Edith Gyömrői Ludowyk

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Edith Gyömrői Ludowyk (8 September 1896 – 11 February 1987) was a Hungarian Jewish psychotherapist, poet and communist. She was one of the handful of European Radicals in Sri Lanka.

Early years[edit]

Edit (Gelb) Gyömrői was born in Budapest to Mark Gelb (who changed his name to Gyömrői in 1899), a furniture manufacturer, and Ilona Pfeifer.[1] She had a younger brother, Boris, and an older sister (by two years), Márta.[2]

At her father’s request, she began studying interior design, but later dropped out. In 1914, she married chemical engineer Ervin Renyi - with whom she had a son, Gábor, who would later die in a fascist labour camp - but divorced him in 1918. Through her uncle, she began to learn about psychoanalysis and attended the 5th International Psychoanalytical Congress in Budapest.

Becoming a communist militant[edit]

From 1918 onwards she participated in gatherings of the Sunday Circle, a group of left-wing intellectuals which included psychoanalyst René Spitz. In 1919, she worked for the Commissariat for Education during the short-lived Hungarian Soviet Republic.

When the republic fell following the Romanian invasion, she fled to Vienna, where she supported herself by working at a parachute factory, and then as a sales assistant at a bookshop. She knew the Hungarian writers Béla Balázs, composer Hanns Eisler, Czech writer Egon Kisch and Hermann Broch - who translated her poetry into German. Thereafter she was for short periods in Czechoslovakia and Romania. After being expelled from Romania for her communism, she settled in Berlin in 1923, with her second husband Laszlo Tology (Gluck). She designed costumes for the films of Elisabeth Bergner at the Neumann Produktion film studio, translated, interpreted and took photographs. She also worked on the staff of the Rote Hilfe newspaper of the German Communist Party for a time. She studied psychoanalysis from 1924 onwards and later practised it.

When Hitler came to power in 1933, Gyömrői emigrated to Prague, due to her being jewish, along with her political views, which were opposed to the Nazi party ideologies. The following year she returned to Budapest, where she joined the Hungarian Psychoanalytical Society.[1] Between 1936 and 1938, she held seminars and discussion evenings, for mothers and educators on practical educational issues.

Moving to Sri Lanka[edit]

In 1938, when Admiral Horthy's fascist regime passed its first Anti-Jewish Law, she emigrated to Sri Lanka[3] with her third husband, journalist Laszlo Ujvári, who died in 1940. She met and married E. F. C. Ludowyk, Professor of English at the University College, Colombo. She joined the Trotskyist Lanka Sama Samaja Party and in 1947, together with Vivienne Goonewardena and several other women of the LSSP, the Bolshevik Samasamaja Party and the Communist Party, she founded the Eksath Kantha Peramuna (United Women’s Front), the first autonomous socialist women’s association in the country. In 1948, she published an article in The Times of Ceylon titled “Feminism or Socialism?”.[2]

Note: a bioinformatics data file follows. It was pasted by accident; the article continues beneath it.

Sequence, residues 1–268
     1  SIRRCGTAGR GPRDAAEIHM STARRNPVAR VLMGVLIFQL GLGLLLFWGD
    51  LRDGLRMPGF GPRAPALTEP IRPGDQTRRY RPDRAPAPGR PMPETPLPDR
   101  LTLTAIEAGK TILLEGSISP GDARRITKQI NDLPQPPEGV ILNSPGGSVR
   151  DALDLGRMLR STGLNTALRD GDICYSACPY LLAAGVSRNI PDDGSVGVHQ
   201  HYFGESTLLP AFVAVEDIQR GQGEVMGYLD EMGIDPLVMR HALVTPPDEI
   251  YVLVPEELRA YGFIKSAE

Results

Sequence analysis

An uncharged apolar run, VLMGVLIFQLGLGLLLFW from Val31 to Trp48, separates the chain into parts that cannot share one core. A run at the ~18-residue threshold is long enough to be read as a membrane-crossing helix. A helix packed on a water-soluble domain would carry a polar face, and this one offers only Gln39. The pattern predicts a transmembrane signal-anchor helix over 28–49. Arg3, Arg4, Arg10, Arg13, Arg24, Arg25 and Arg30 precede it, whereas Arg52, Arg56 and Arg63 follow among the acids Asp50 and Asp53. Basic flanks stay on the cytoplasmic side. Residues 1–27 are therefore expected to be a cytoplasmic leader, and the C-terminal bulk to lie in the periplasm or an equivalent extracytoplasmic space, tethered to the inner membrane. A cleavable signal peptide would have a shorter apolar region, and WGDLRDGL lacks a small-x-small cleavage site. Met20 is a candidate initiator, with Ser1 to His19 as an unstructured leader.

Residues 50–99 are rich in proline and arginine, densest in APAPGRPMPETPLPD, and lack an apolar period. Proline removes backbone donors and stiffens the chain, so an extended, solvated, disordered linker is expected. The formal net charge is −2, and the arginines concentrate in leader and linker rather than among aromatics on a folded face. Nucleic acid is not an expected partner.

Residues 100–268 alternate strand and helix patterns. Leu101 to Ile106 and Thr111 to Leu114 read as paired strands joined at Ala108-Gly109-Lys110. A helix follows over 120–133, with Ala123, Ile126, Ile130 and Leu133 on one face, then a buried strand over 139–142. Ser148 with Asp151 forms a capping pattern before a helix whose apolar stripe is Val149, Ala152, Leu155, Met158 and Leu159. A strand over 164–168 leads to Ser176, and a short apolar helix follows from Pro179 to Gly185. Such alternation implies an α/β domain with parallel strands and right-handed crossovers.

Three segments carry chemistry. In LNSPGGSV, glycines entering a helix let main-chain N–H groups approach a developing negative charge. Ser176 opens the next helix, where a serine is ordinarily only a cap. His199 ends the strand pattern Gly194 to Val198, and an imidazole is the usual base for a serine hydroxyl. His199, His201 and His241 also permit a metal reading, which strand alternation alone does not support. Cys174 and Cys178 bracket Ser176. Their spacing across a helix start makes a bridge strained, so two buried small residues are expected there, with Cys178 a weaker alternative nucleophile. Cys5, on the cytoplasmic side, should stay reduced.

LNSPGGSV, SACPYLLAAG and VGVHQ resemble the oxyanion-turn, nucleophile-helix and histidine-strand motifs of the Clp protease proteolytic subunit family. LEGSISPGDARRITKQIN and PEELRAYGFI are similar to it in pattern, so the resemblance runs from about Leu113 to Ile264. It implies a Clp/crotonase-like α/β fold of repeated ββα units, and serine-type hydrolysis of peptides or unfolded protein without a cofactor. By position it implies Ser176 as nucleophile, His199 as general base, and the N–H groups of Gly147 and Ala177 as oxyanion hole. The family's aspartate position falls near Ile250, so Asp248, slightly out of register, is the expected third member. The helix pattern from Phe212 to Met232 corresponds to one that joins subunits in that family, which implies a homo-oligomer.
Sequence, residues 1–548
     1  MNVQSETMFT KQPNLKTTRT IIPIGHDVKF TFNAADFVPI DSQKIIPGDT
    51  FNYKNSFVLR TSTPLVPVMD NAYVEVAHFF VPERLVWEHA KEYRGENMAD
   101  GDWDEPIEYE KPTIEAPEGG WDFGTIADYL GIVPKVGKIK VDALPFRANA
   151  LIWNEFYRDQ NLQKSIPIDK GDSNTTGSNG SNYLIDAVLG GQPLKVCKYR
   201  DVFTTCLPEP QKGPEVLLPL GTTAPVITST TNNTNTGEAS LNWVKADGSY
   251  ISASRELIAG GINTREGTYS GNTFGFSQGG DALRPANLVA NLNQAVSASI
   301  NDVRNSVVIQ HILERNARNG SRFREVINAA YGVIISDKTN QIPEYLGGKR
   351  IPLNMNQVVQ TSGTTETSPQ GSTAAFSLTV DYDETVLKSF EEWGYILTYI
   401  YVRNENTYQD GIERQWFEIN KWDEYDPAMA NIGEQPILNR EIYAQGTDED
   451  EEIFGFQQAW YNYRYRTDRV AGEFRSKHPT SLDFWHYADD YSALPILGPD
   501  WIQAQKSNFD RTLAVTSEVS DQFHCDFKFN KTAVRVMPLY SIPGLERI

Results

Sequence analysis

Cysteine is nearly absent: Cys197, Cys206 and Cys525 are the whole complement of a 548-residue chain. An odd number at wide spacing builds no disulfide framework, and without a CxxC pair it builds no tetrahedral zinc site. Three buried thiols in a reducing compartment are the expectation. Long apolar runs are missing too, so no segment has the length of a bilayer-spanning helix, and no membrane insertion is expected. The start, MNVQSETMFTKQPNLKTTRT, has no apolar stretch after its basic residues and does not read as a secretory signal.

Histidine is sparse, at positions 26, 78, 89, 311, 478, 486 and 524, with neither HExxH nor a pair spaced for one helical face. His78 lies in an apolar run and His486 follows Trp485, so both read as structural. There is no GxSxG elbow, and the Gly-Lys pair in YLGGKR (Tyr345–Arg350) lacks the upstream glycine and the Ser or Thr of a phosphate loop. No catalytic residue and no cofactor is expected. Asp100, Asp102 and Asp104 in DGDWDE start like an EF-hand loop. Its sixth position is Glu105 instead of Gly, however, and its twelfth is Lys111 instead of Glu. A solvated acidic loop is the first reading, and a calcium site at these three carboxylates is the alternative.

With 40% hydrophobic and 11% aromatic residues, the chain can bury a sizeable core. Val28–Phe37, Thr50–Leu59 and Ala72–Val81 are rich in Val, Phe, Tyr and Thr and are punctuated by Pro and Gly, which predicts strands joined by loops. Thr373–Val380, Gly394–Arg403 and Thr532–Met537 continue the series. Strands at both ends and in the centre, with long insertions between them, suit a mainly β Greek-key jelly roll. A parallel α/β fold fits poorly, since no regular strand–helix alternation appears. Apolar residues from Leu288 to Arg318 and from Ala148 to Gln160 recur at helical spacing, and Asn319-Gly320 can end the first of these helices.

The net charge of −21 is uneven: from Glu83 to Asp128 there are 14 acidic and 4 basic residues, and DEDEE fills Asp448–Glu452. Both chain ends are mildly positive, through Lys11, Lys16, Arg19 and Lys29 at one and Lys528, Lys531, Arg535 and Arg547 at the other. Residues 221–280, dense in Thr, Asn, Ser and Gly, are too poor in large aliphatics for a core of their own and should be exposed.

In 1956, because the island's humid climate caused her problems, the couple moved to London. There, Gyömrői became a recognized psychoanalyst, and continued her practice until she was 80.[1]

Death[edit]

After the death of her husband in 1986, she moved with her colleagues Annemarie and Joseph Sandler. She died on 11 February 1987.[1]

Works[edit]

  • Rényi Edit versei (The Poems of Edit Renyi), 1919
  • Versohnung (Atonement) [1]
  • Gegen den Strom (Against the Current) 1941
  • Miracle and Faith in Early Buddhism, 1944
  • Pubertätsriten der Mädchen in einer in Umwandlung begriffenen Gesellschaft (Adolescent Rites among Girls in a Society in Flux), 1955
  • Megbékélés, 1979

References[edit]

  1. ^ a b c d e A Woman against the current: Edith Ludowyk Gyomori. The Island Online
  2. ^ a b A Woman Against the Current. The Life Paths of Edit Gyömrői (Gelb, Rényi, Glück, Ujvári, Ludowyk)
  3. ^ Defining our modern cultural history: (VIII) Edith Ludowyk-Gyomroi. Sunday Observer